ZFIN ID: ZDB-PUB-060807-3
Notch signaling regulates midline cell specification and proliferation in zebrafish
Latimer, A.J., and Appel, B.
Date: 2006
Source: Developmental Biology   298(2): 392-402 (Journal)
Registered Authors: Appel, Bruce, Latimer, Andrew
Keywords: Delta, Notch, Notochord, Hypochord, Floor plate, Midline, Zebrafish
MeSH Terms:
  • Animals
  • Animals, Genetically Modified
  • Body Patterning*
  • Cell Differentiation
  • Cell Proliferation
  • Embryo, Nonmammalian
  • Fetal Proteins
  • Gastrula/metabolism
  • Gastrula/physiology
  • Gene Expression Regulation, Developmental
  • Models, Biological
  • Notochord/embryology
  • Receptors, Notch/genetics
  • Receptors, Notch/metabolism
  • Receptors, Notch/physiology*
  • Signal Transduction
  • Stem Cells/physiology
  • T-Box Domain Proteins/metabolism
  • Zebrafish/embryology*
  • Zebrafish/metabolism
  • Zebrafish/physiology
  • Zebrafish Proteins/genetics
  • Zebrafish Proteins/metabolism
  • Zebrafish Proteins/physiology*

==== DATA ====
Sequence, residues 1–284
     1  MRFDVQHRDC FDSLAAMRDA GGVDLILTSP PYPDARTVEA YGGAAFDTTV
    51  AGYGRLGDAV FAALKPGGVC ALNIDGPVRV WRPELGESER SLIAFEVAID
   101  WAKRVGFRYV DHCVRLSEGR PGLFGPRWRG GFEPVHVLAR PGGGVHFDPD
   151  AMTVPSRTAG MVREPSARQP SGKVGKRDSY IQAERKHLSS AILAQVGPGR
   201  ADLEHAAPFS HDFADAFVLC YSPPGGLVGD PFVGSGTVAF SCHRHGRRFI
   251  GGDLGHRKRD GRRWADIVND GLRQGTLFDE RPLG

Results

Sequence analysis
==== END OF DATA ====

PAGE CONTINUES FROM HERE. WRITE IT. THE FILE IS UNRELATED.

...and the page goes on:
PubMed: 16876779 Full text @ Dev. Biol.
Notochord and floor plate cells are sources of molecules that pattern tissues near the midline, including the spinal cord. Hypochord cells are also found at the midline of anamniote embryos and are important for aorta development. Delta-Notch signaling regulates midline patterning in the dorsal organizer by inhibiting notochord formation and promoting hypochord and possibly floor plate development, but the precise mechanisms by which this regulation occurs are unknown. We demonstrate here that floor plate and hypochord cells arise from distinct regions of the zebrafish shield. Blocking Notch signaling during gastrulation entirely prevented hypochord specification but only reduced the number of floor plate cells that developed compared to control embryos. In contrast, elevation of Notch signaling at the beginning of gastrulation caused expansion of hypochord at the expense of notochord, but floor plate was not affected. A cell proliferation assay revealed that Notch signaling maintains dividing floor plate progenitors. Together, our results indicate that Notch signaling regulates allocation of appropriate numbers of different midline cells by different mechanisms.